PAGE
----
“Almost every way we make electricity today, except for the emerging renewables and nuclear, puts out CO2. And so, what we’re going to have to do at a global scale is create a new system. And so, we need energy miracles.” – Bill Gates
The transformation that took place in the Dharnai village of Bihar is nothing short of a miracle that is being talked of here.
Sitting in the comfort of our homes or offices, we cannot even imagine a single day without electricity. But for the Dharnai village, a small village near Bodhgaya in Bihar which had remained in darkness for 30 years, having electricity was like a far-fetched dream.
“The village happens to be on a NH, it has a railway halt. It has pretty much all the social infrastructure that should be available in a village. And, the only thing that sort of was missing was energy,” says Manish Ram, senior campaigner/analyst, Renewable Energy, Greenpeace India.
As alternative energy sources, the rural population of this area uses hazardous fuels like cow dung, kerosene lamps and firewood for cooking and lighting. According to WHO, over four million people die prematurely from sickness due to household air pollution caused by cooking with these dangerous fuels.
“While India was growing leaps and bounds, we were stuck here for the last 30 years, trying everything in the book to get electricity. We were forced to struggle with kerosene lamps and expensive diesel generators,” said Kamal Kishore, a resident of Dharnai.
Greenpeace, along with partner organisations CEED (Centre for Environment and Energy Development) and BASIX (a livelihood promotional institute), decided to transform the lives of people in this village by bringing in electricity through Decentralized Renewable Energy System (DRES).
The project was put into operation on 20 July 2014, with an initial cost of around Rs. 3 crore. It made Dharnai the first village in India to be fully powered by solar energy. The system has a capacity of 100 kilowatt and powers 450 homes of the 2,400 residents, 50 commercial operations, 60 street lights in the village, two schools, a training centre and a health care facility. A battery backup ensures electricity is available around the clock.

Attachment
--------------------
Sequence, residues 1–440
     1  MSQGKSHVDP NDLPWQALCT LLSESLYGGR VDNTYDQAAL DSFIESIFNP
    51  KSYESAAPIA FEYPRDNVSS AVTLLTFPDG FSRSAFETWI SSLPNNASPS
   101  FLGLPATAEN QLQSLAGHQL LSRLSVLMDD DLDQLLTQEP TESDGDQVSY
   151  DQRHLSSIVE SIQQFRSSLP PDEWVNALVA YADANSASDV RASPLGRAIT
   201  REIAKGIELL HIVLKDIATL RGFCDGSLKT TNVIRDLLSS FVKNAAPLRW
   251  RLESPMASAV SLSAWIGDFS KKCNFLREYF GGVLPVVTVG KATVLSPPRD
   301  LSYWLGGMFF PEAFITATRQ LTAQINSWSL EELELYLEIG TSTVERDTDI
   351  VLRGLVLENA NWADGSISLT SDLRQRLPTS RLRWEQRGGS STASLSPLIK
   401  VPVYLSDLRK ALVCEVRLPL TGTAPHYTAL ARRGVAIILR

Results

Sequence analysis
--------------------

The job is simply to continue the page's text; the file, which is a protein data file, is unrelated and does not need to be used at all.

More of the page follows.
According to Greenpeace, Dharnai was chosen for the project because it suited the requirements of having agriculture as the main occupation and also had basic social infrastructure like a school, healthcare facility, an aanganwadi (community childcare centre), a commercial zone and around 400 households.
The coming of solar-powered electricity has revolutionized the lives of the people here, especially women and children. It allows children to study even beyond the daylight hours and lifts the restriction on women to cook before it is dark. Moreover, women in Dharnai can now venture out after it is dark due to the street lights.
The solar powered pumps have provided access to fresh water to the farmers. People are now able to charge their mobile phones regularly, and the world of Internet is now also open to the people of Dharnai.
However, all is not well. Greenpeace is involved in a tussle with the government, with allegations of financial irregularities. The Ministry of Home Affairs (MHA) has suspended Greenpeace India’s ability to receive foreign donations and has also frozen the organization’s domestic accounts.
Soon after the inauguration of the project last year, Chief Minister Nitish Kumar visited the village and applauded Greenpeace for its initiative.
“Solar energy is the only solution and I praise and appreciate Greenpeace for accepting the challenge in successfully installing this everlasting viable solution model,” Kumar told at the public event in Dharnai.
Climate change is a reality now, and the current central government has rightly acknowledged that with its target of 100 GW of solar capacity by 2022. However, Greenpeace says that Decentralized energy systems are more helpful for villages like Dharnai than the central grid that is currently in use.
India has 80,000 other villages that are devoid of any kind of electricity and 19,000 of them are in Bihar alone. Surely, as Bill Gates points out, we do need more such miracles.